At the 2nd APCCB in Singapore in September 1982, the Steering Committee for the establishment of a regional federation presented a draft constitution for discussion. At the end of the meeting, the constitution was adopted and the Asian & Pacific Federation of Clinical Biochemistry (APFCB) was formally established. At the time of formation, there were five Member Associations from the following countries: Australia, India, Indonesia (established after the first Congress), Japan and Singapore. The Second Congress stimulated the formation of two new national/area associations which became new Member Associations of the APFCB: Taipei (China) and Hong Kong. At the 3rd APCCB in Bali, the newly formed Korean Society of Clinical Chemistry applied for APFCB Membership and became a Member Association in 1986. The China Federation of Clinical Chemistry (Beijing, China) applied for Membership in 1988 and became a Member Association in early July 1989. From 1998, a different name was adopted by the association in China - Chinese Society of Clinical Chemistry. Much later, the name was further changed to Chinese Society of Laboratory Medicine. In 1990, the Thailand Association and New Zealand Association of Clinical Biochemists joined the Federation. A few years later the New Zealand Association decided to become a branch of the Australasian Association of Clinical Biochemists and ceased to be a Member Association. In early April 1991, the APFCB welcomed the Malaysian Association and Vietnamese Association of Clinical Biochemists as new Member Associations.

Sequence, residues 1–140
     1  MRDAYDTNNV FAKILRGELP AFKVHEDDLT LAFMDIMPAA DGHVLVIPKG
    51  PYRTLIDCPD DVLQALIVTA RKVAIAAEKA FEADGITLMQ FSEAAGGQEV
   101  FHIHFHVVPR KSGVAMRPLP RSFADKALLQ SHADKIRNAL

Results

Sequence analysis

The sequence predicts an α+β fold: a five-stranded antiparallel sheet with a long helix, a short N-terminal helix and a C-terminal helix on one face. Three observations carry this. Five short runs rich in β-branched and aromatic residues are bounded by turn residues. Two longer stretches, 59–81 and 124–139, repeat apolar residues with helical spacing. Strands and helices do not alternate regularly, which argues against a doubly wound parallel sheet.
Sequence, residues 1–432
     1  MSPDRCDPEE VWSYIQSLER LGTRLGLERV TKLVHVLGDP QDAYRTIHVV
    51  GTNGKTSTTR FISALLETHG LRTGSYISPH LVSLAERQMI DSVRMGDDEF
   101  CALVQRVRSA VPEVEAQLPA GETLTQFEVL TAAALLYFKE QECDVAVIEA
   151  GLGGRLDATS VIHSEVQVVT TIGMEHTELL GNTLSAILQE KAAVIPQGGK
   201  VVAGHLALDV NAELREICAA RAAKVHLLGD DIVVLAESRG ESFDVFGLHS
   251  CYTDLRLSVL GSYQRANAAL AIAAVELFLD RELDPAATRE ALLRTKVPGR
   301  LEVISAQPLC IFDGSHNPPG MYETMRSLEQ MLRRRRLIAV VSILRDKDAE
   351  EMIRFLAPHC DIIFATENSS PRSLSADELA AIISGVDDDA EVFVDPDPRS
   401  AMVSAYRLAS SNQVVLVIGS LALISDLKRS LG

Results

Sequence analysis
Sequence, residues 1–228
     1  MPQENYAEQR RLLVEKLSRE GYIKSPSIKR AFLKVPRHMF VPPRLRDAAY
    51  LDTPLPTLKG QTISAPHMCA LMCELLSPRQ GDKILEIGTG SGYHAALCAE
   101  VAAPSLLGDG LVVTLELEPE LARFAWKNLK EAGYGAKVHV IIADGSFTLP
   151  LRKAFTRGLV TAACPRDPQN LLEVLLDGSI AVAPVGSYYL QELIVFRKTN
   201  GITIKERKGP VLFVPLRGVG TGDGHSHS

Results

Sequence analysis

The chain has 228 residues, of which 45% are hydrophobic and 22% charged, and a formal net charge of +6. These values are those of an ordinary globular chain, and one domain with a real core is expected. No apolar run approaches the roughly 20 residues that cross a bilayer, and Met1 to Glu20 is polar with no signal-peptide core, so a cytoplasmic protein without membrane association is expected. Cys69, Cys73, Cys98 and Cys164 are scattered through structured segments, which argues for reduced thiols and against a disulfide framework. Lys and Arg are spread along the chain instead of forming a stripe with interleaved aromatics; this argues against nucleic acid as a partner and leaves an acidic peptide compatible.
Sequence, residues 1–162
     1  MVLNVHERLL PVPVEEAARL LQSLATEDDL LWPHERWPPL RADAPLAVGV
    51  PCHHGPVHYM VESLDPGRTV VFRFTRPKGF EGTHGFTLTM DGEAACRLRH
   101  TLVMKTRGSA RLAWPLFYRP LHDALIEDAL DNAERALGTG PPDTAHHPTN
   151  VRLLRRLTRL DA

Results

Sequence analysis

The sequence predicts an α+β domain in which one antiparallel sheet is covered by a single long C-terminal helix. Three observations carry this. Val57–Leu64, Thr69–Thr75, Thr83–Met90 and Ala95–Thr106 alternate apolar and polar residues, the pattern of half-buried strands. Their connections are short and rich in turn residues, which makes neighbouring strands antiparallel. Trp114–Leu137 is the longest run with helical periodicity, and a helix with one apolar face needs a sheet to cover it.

Besides the organisation of regular APCCBs, the APFCB has been promoting a variety of scientific/educational activities through several committees. The Quality Control Working Group has been active in the organisation of external assessment programs, workshops and courses. A very successful project in Vietnam which lasted for several years was coordinated by Mr Les Watkinson from the AACB. The APFCB has been able to obtain sponsorships for the organisation of symposiums or workshops on total quality assurance at APCCBs and other regional meetings.

During their term as Chairman and Secretary of the Education Committee Professor T Kanno from the Japan Society of Clinical Chemistry and Mr Michael Staley of AACB conducted a survey and produced a list of resource laboratories which performed a variety of specialised investigations. Subsequently, Prof SL Ch'ng (Chairman of Education Committee for 1995-1998) and Prof FX Budhinato Suhadi (Chairman of Scientific Committee for 1995-1998) collaborated with Dr Tan It Koon in the organisation of several pre- and post-congress workshops/symposiums as well as a Visiting Lectureship Program covering four countries in ASEAN. Another Visiting Lectureship Program covering four countries was organised by Prof Leslie Lai (Chairman of the Education Committee for 1998-2001) in early 1999. Prof Christopher W K Lam and his colleagues from Hong Kong and A/Prof Sunil Sethi (Chairman of the Scientific Committee for 1998-2001) embarked on a Cholesterol Standardisation Program for the region. All records of business meetings and activities of the APFCB and its Member Associations have been documented in the newsletter - the APFCB News, which was started in 1983 and has since been regularly published by an Editorial Committee, once or twice a year. Dr Tan It Koon served as the Chairman of the Editorial Committee for about 20 years before passing the responsibility to Mr Joseph Lopez.

Since the first version of the History of APFCB was first written by Dr Tan It Koon, the first 4 of the following national Associations have become Members of APFCB and the 5th, 6th and 7th have become an Affiliate Members, a new category of membership:

  • Pakistan Society of Chemical Pathologists (PSCP)
  • Philippine Association of Medical Technologists (PAMET)
  • Associaton for Clinical Biochemistry, Sri Lanka (ACBSL)
  • Nepal Association for Medical Laboratory Sciences (NAMLS)
  • Chinese Association for Clinical Laboratory Management
  • Association of Medical Biochemists of India (AMBI)
  • Macao Laboratory Medicine Association (MLMA)